January 22, 2016
Abundance; plentiful, overflowing fullness, wealth.
Keomi Tarver knows a thing or two about living life in abundance. At 23, this San Diego native packed her dreams and savings into a suitcase, made a beeline for the city that never sleeps and landed in do or die Bed-Stuy, Brooklyn. Keomi (key-oh-me) is a Japanese word meaning pure beauty. Her middle name is René, the name of her Mother’s best friend and I quickly discern that Keomi has always been surrounded by strong feminine synergy. This is the kind of energy Keomi exudes and the vitality behind her craft.
Keomi is a woman in motion. Her love for dance began in church where she credits praise dance (a form of dance centered on worship) with structuring and developing her movement. It served as the foundation for what Keomi would become. Already a fixture in the spoken word community in San Diego, Keomi learned the art of combining poetry with dance and solidified her love for performance art. Through sheer determination and seeking a challenge, she left the comfort and secureness of her parents home and embarked on a journey of self. She craved the hustle and bustle of New York City and when one of her artist friends set up shop in Brooklyn, Keomi saw opportunity.
It took a year of pursuit to finally find grounding in her profession. While working at the YMCA, a woman, aware that Keomi was a dancer, asked her to teach her very own class. With no formal teaching experience, Keomi wasted no time in seizing the moment. It’s in taking these kinds of risks that have proven to be the most beneficial on her quest for self-realization.
“It was the first time I had to really believe in myself. I had to tell people I could before people would believe that I could. I needed to trust myself enough to believe in what I was bringing to the table. It was about putting myself out there.”
It was during a workshop that focused on abundance and scarcity that changed Keomi’s strategy. Already a Writer, Dancer, and Choreographer, she decided to use her experience gained on the performance circuit and add Director to her resume. In 2014, Keomi wrote, choreographed and directed Love & War. She found freedom in the vulnerability and interconnectedness that allow love and war to exist in the same space. That same year Keomi opened AbunDance with Keo at the Iati Theater in the East Village. When I ask Keomi how she is able to finance her projects, she admits very nonchalantly, that she works 7 jobs as a teaching artist. She works 6 days a week and sometimes 7 if a production is in the works.
“I always remind myself that I can choose where I want to pull from. I am always supporting others. It’s what I do. But this was about supporting myself. Every day I live this dream and trust that abundance will come.”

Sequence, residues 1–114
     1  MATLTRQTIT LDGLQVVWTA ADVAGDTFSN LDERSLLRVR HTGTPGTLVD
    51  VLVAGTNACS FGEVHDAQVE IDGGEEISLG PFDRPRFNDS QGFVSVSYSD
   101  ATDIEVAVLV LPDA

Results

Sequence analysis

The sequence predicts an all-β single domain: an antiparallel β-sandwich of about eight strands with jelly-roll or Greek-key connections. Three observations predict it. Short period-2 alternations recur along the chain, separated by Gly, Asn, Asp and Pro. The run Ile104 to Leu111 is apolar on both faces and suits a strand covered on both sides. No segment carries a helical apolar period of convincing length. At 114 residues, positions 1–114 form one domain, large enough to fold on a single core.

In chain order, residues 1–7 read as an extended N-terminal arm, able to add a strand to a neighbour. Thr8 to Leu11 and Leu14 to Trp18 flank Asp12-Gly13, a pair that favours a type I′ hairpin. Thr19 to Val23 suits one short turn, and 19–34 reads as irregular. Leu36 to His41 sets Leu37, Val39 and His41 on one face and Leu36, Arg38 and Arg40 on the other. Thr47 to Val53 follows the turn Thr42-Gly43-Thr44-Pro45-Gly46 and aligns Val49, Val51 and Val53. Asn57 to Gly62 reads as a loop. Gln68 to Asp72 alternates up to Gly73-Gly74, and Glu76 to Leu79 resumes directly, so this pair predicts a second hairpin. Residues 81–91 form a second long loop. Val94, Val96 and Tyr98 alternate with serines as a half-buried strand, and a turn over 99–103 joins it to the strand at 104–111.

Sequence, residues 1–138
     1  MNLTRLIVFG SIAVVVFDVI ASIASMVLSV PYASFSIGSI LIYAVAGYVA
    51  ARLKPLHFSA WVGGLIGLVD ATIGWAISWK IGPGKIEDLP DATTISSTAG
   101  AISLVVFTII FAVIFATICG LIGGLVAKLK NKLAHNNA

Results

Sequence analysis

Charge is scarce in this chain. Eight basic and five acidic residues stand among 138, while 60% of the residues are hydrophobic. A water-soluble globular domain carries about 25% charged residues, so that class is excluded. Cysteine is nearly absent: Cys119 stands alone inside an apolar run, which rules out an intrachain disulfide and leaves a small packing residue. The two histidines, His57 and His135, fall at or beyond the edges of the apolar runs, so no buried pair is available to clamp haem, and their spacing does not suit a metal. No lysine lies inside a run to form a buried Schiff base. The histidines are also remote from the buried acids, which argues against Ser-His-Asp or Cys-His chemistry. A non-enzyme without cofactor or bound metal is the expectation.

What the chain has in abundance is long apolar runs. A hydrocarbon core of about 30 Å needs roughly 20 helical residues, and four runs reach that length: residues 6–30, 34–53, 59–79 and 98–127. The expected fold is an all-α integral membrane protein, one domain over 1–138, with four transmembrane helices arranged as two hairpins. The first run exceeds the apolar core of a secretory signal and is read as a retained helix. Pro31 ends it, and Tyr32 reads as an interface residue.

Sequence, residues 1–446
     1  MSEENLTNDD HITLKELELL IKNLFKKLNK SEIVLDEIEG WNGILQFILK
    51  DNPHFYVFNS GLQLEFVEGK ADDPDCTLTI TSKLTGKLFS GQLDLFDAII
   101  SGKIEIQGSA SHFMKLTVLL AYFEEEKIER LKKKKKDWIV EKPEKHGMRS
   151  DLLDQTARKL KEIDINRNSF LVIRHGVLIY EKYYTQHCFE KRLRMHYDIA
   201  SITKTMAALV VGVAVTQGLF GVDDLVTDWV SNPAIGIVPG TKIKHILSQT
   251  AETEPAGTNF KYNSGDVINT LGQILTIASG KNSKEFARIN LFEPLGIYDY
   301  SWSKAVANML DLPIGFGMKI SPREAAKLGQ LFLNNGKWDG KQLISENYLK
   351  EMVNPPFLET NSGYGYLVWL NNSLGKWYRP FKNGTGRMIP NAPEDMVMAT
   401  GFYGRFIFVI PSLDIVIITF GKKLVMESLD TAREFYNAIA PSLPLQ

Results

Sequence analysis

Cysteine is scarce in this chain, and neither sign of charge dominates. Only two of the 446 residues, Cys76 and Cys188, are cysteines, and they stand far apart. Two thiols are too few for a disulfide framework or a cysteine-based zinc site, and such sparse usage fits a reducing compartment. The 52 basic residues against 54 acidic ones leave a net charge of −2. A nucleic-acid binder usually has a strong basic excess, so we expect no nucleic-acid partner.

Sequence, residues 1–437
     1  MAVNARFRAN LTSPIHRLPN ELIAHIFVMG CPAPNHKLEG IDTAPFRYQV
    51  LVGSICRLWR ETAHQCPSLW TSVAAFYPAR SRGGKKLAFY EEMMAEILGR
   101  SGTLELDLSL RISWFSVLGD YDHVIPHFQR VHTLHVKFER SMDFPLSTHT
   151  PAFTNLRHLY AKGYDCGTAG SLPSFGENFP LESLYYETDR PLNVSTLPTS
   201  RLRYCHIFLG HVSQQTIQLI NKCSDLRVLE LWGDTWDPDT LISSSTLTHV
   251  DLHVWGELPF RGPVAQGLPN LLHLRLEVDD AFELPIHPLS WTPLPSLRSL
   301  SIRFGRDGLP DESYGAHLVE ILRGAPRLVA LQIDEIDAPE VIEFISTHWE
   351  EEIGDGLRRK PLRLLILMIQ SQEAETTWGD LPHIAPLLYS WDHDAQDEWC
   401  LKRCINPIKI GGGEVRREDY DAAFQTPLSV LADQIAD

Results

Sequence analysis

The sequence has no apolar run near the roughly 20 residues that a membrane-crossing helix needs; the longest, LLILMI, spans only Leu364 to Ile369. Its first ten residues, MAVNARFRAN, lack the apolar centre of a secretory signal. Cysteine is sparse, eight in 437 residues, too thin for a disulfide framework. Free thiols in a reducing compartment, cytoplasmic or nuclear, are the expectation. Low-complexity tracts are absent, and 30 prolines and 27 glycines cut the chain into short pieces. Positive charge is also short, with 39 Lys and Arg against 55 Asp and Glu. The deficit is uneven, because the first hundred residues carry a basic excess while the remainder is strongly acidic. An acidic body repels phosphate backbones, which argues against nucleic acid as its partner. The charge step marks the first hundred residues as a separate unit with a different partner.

It’s this faith in herself that keeps Keomi going. Living this dream means paying for studio space out of your own pocket. Living this dream means acknowledging that people may not show up for you but you show up for yourself. Day after day, full of conviction you show up. It’s in this hunger for fulfillment that led to a sold out viewing of Love & War this past October. Keomi envisions taking the production on the road and having local artists bring her work to life.
Considering her background in praise dance, it’s enlightening to learn that Keomi has mastered the art of Twerk. The abunDANCE classes are often choreographed around the West African-inspired dance that Keomi calls a celebration of the body in all of its facets. “It’s about not seeking permission and making no apologies. It’s liberation. Twerking means to lift up. You can twerk your ass, your heart or your attitude” Keomi says.
“I was church girl so twerking is a kind of rebellion. Like, why can’t I praise dance and twerk? Why can’t I celebrate the God in me? It took me a long time to unlearn the shame I felt in showing my body. Now I choose to love all of me.”
These are the messages Keomi adheres to in her day to day. Her body positive declarations inspire the many students who take her class to leave it all on the floor. Sweat, nerves, shame, struggle.
“It’s important for people to trust themselves. Figure out what works for you and do that. It’s great to admire other people but what makes your body move? Don’t compare yourself. Know that you got the goods. Find out what makes your body jump out of itself.”
At 23, Keomi Tarver went from the woman with a dream to the woman living her dream. She continues to teach dance at institutes throughout New York City such as BAM, New Wave Dance Company, nonprofit leadership programs and public schools in the metro area. In March of 2016, Keomi will feature her work at the 5th Annual Poetic License Festival at the Wild Project in NYC. You can learn more about Keo here.